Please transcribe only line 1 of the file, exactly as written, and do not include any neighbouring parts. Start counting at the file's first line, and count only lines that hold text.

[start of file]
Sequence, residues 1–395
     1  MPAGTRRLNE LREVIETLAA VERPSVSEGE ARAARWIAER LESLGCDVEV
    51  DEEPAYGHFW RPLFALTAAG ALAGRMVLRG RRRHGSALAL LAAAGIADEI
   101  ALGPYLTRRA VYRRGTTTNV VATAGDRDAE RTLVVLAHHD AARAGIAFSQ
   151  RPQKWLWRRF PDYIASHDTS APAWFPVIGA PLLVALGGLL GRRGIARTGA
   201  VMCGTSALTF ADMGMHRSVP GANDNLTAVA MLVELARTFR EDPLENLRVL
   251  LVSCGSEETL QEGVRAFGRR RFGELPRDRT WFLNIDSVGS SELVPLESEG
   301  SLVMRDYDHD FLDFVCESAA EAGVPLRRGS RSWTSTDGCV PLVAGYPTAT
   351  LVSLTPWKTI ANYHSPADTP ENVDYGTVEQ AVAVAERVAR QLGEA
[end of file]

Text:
Sequence, residues 1–395